Wipeout!: The Racialicious Review of Hawaii Five-O 1.1

By Arturo R. García

The Good News: Hawaii Five-O managed a casting coup in attracting members of three of the biggest sci-fi shows in recent memory: Daniel Dae Kim (Lost), Masi Oka (Heroes) and Grace Park (Battlestar Galactica).

The Bad News: Hawaii Five-O? More like Hawaii Five-Bro.

Unfortunately for fans of the actors listed above, the rebooted series’ new creative team – Peter M. Lenkov and the Star Trek & Transformers 2 writing duo of Alex Kurtzman and Roberto Orci – shoves them clear to the back of the room from the get-go.

But, hey, at least they kept the theme song in one piece.


Indeed, Oka doesn’t even show up in the pilot episode, and Park and Kim are only around long enough to get introduced (Park is Kona, the Hot Rookie; Kim is Chin, the Tech Guy/Native Guide), with the bulk of the episode devoted to McGarrett’s forceful enlistment of Danny Williams, which gives Scott Caan the chance to play Martin Lawrence to Alex McLochlin’s Will Smith. Problem is, McLochlin is more Joseph Fiennes than Will Smith. And you saw how that experiment worked out. But, Caan knows how to work the bickering-partner formula, which boosts both characters.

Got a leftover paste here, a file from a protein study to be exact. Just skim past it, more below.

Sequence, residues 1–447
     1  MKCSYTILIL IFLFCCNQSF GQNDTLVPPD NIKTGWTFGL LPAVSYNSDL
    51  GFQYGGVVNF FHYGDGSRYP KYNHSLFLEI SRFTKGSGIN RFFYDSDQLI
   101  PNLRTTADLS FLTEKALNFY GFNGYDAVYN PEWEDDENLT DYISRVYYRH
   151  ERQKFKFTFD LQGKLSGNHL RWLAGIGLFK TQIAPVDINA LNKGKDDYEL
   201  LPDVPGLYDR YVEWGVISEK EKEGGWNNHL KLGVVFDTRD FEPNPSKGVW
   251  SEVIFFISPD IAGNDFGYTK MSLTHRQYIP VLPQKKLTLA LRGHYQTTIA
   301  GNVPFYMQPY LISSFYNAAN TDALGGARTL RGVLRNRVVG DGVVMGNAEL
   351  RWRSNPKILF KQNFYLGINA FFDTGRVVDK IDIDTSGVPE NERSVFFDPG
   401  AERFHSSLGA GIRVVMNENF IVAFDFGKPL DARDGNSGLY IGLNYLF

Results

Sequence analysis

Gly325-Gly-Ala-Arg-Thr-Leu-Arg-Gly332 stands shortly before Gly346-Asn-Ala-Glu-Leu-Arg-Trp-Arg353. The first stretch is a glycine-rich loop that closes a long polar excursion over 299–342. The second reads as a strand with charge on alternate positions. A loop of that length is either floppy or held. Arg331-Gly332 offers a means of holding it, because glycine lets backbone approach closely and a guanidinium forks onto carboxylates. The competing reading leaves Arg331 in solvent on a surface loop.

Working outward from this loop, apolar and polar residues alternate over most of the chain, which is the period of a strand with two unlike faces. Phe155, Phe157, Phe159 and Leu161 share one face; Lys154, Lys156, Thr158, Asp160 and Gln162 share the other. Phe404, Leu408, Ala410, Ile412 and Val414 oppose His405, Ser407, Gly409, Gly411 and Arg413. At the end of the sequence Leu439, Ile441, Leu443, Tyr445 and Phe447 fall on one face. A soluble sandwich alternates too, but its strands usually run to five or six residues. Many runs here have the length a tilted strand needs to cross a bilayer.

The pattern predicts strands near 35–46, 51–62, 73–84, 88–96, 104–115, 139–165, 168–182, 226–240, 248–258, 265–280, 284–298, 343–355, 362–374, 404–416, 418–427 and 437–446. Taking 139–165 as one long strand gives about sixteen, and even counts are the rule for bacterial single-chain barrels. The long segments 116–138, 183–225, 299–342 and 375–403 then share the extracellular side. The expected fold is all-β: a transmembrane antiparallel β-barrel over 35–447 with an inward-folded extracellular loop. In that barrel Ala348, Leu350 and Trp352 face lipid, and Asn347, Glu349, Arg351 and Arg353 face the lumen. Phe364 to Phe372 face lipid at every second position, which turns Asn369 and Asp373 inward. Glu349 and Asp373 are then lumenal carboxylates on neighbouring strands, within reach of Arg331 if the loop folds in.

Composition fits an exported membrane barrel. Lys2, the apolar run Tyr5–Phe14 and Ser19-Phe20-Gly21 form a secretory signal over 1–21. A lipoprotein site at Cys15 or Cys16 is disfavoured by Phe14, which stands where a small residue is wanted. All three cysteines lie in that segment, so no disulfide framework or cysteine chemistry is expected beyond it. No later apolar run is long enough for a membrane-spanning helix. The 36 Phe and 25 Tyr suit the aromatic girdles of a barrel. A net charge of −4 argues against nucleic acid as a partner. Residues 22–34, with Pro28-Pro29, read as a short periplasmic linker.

And boy, does this McGarrett ever need a boost. Whereas the original was a grizzled cop with a seriously cool coif who just happened to have served in the U.S. Navy, the new-jack version literally walks off a chopper into command of his own Untouchables-style task force, by direct order of the governor, and who OF COURSE knows how to speak the local dialect. Yet somehow he’s still surprised that the natives don’t immediately take to him.

The reason for McGarrett’s crazy-fast promotion actually could have given us a good year’s worth of storylines: his dad was killed as a result of a botched convoy hijacking by Victor Hess (James Marsters). Between Marsters and Norman Reedus, who shows up way too briefly as Victor’s brother Anton, that’s plenty of quality villainy, the kind of potentially strong antagonists you need to make your hero believable. Instead … well, the bright side is, no body was found, I’ll just say that. How do you say “blew your wad” on the islands?

That feeling of wasted opportunity permeates the whole 42 minutes and change of this episode: given a critically-credible cast and a beautiful set of surroundings, the early indications are that the 2010 version of this show just imported the wrong things from its’ predecessor. Is it too late to hit Restart?